all the army nominations nfernd to them
this session, except those of Carter, Kay
mond and Maddox, of New Y'crk, and of
Johnson, f Minnesota, to be asUtanl sur
geons. These nominations are withheld,
not because there is any objection to the ap
pointees, but the committee thought New
York seemed to begetting more than its
share of the new army surgeon', and that the
appointments should be more generally dis
tributed. Wlio nave K Away?
The decision of Secretary Windom rela
tive to the acceptance for redemption of the
balance of the fionds embraced in the 105th
call appears to have become known riy cer
tain brokers very soon after the Secretary
reached the c inclusion that it would be the
proper thing to do. The Secretary is satis
fied that the news leaked out prematurely,
and ike matter is being investigated. The
announcemt nt only passed through the hands
of a few persons, and there is no doubt but
the person giving the icformation will be
readily identified.
Kegmrdiax- lac Entry or t'aal Lands.
Secretary Kirk wood has given a decision
npon the entry of coal lands near
railroads, and the proper price. The Secre
tary says the price of the land depends
wholly npon the distance from the com
pleted railroad at the date of its entry, irre
spective of the preferred right of entry, and
if at the date of proof and payment, "which
constitutes entry, the land is more than fif
teen miles from such road, the price should
not be less than ten dollars per acre, and
that if it is within fifteen miles, the price
should not be less than twenty dollars. The
decision is intended to meet cases which may
arbe where the original location of a claim
for such land is made before the construc
tion of a railroad within fifteen miles, but
where entry and payment are not made until
after the completion of the road.
Hawcate's Bendimen II old the lis-,
The Grand Jury have found an indict
ment Rgainst Captnin Ilowgate, charging
him with embezzling over 90,000 from the
Government. Captain Ifowgale not snp ar
ing when railed for, his bond of $40,000 was
forfeited. His bondsmen are W. B. Moses,
W. W. McCulIough and Notley Andersen.
Stibsequenily Captain Howgate's counsel
Hilled the attention of the court to the fact
that Ho waste's bond was given to abide the
judgment of the court, not the action of the
Grand Jury. Judge Cox, ascertaining such
o be the fact, directed that the execution of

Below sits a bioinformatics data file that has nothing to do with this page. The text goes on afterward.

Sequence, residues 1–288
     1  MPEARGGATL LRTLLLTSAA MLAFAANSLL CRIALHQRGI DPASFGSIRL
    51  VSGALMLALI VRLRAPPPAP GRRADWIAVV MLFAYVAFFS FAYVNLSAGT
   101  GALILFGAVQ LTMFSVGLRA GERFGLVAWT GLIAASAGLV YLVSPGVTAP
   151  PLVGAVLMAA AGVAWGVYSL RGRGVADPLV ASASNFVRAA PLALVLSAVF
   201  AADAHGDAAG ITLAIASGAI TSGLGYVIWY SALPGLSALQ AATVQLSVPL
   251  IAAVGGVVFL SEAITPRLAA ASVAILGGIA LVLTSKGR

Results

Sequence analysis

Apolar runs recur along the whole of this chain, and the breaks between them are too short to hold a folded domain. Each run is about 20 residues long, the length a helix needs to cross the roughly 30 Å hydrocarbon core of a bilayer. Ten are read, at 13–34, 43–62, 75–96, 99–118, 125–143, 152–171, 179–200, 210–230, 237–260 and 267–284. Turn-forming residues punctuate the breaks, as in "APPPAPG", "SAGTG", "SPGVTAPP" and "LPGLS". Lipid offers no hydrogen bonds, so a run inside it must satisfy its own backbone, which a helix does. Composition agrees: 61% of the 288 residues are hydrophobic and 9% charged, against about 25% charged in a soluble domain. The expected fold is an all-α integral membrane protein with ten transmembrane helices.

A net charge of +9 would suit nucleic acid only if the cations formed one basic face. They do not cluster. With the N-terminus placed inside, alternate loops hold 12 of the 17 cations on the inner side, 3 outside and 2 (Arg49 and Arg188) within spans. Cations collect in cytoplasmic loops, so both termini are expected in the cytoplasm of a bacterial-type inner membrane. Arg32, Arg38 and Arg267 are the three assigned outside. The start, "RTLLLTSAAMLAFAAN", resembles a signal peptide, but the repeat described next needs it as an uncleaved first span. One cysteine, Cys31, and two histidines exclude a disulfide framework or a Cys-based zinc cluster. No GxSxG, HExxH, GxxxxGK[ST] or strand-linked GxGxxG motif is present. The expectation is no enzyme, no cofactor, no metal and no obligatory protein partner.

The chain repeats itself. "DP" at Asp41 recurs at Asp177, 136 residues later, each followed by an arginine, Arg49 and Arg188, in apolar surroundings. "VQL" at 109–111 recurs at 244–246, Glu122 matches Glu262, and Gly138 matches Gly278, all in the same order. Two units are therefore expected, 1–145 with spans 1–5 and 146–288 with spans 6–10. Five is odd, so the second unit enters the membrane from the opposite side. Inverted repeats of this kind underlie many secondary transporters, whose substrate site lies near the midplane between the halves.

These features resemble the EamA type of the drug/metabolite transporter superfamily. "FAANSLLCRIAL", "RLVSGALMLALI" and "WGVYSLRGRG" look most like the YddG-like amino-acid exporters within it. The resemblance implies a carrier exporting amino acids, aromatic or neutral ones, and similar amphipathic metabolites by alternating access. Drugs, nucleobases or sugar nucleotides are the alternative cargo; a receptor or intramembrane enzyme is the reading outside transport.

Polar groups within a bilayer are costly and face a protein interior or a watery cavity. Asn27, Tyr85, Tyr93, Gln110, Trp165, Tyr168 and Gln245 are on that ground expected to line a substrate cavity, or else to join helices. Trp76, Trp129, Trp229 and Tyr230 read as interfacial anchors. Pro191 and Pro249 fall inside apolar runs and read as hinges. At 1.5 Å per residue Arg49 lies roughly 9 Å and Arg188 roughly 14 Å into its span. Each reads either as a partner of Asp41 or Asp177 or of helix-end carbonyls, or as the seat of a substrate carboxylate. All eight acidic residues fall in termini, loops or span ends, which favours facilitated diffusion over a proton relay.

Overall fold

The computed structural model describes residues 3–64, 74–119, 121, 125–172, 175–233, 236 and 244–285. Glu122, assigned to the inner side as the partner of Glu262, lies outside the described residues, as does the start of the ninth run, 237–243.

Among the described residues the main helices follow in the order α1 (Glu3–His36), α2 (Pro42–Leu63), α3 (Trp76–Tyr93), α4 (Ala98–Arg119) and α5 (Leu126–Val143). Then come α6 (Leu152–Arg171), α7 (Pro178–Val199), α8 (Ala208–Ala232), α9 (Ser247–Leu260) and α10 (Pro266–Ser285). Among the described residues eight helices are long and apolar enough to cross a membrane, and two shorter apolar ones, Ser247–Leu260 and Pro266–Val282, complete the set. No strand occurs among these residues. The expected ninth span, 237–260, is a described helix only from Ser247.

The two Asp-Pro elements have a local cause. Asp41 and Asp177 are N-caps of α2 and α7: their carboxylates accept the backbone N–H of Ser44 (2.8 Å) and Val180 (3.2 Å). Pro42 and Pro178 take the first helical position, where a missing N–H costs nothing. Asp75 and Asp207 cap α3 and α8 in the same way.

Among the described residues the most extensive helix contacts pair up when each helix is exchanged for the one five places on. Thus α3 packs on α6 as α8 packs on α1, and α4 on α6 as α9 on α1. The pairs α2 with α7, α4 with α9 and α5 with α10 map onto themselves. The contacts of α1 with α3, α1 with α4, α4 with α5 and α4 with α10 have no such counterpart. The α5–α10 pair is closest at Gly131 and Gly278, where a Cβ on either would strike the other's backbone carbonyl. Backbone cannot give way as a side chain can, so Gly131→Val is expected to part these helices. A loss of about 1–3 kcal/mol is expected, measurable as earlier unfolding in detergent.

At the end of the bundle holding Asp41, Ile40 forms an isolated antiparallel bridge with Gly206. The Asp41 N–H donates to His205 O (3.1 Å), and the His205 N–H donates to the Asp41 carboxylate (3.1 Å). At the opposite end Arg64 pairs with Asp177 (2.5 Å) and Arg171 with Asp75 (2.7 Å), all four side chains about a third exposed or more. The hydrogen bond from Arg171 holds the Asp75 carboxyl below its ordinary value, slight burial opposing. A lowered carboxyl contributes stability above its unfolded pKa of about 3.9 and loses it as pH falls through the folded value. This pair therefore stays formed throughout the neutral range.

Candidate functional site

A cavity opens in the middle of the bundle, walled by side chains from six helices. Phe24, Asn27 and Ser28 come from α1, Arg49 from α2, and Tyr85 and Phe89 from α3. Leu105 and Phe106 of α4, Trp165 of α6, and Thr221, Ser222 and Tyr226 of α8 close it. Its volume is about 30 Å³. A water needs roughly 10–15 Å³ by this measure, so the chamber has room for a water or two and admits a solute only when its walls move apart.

the warrant for Howgate's arrest be suspend
ed, and the forfeiture bond svt aside. This
leaves Captain Howgate at liberty in the
orig!aa) bond given by him.
Proeewaiags fa the Senate.
The Senate was called tourdr by President
Davis at noon, with quite a full attendance
of Senators, and the galleries were filled.
aenator Sherman called up the resolution
offered by him prior to the recess, calling on
the 8 cretary of tlialreasury for the report
of James F. Meline.
Senator Farley offered an amendment to
include with the report the testimony taken
during the investigation.
Senators Dawei and nuerman opposed the
amendment. The amendment was lost ayes
21, nays 23 and the resolution was adopted
a party vote, Senator Davis, 111. voting
with the Republicans.
Senator McPherson presented a petition
from certain members of the Legislature of
the State of New Y'ork against the titles of
Senators Miller and Lsphain. Referred to
to the Committee on Jrivilf gesand Elections.
1 be Senate then went luto executive ses
sion, and when the doors were reopened ad
journed. AsmlMlta an4 Confirmed!.
Postmasters nominated: Stephen W. Jfavs.
Redwood Falls, Mionosota; Wm. F. Woods,
Stansbury, Missouri; Cyrus W. Jamison,
Memphis, Missouri; rr.mcis I). Phillip",
rlattsbureh, Missouri; Matthews W. Staf
ford, Joplin, Missouri; E. K. Thipley, Spring
field, Missouri ; Jacob Steiuinger, Jefi'ers'.n
City, Missouri; Wui. H. Stillwell, Humboldt,
TeuKeiisee ; Henrv F. Best, Texarkana, Ar
kansas; George C. McKee, Jackson, Mis
sissippi.
THE SENATE (VCTJ'JBVED
Alva S. Alexander, of Indiana, frifih Ati-
ditair of the ireasnry. 1'ostmasttrs: W. It
McLaughlin, tit. I'ctersburgh, Pennsylvania;
Archibald V. Coon, David t.'ilv, Nebraska;
Oliver P. Temple, Knoxville, 'ennessee, and
the largest number of military appointment
mcl tiding cadets who graduated Irom mill
tary schools; also all promotions in the
Engiueers and Ordnance departments and in
line, except Lieutenants Olmstead, Tyler and
iully.
Ijateat Cabinet fipeenlatloaa.
The uew Cabinet appointments engross
alteutiou lter, and speculation concrnir.g
them is rile, but very liljle is known, lhe
Republican Senators are as touuh in the dark
as anybody else in regard to the Cauinet.
There seems to be no doubt that
EX O0 EgSOR HOMiAN, OF SEW YORK,
has been offered tint Treasury portfolio, and
that he at once djcclied it. He has been
urged by many to reconsider his declination,
but whether he has actually dime to or not
H not known here outside of the President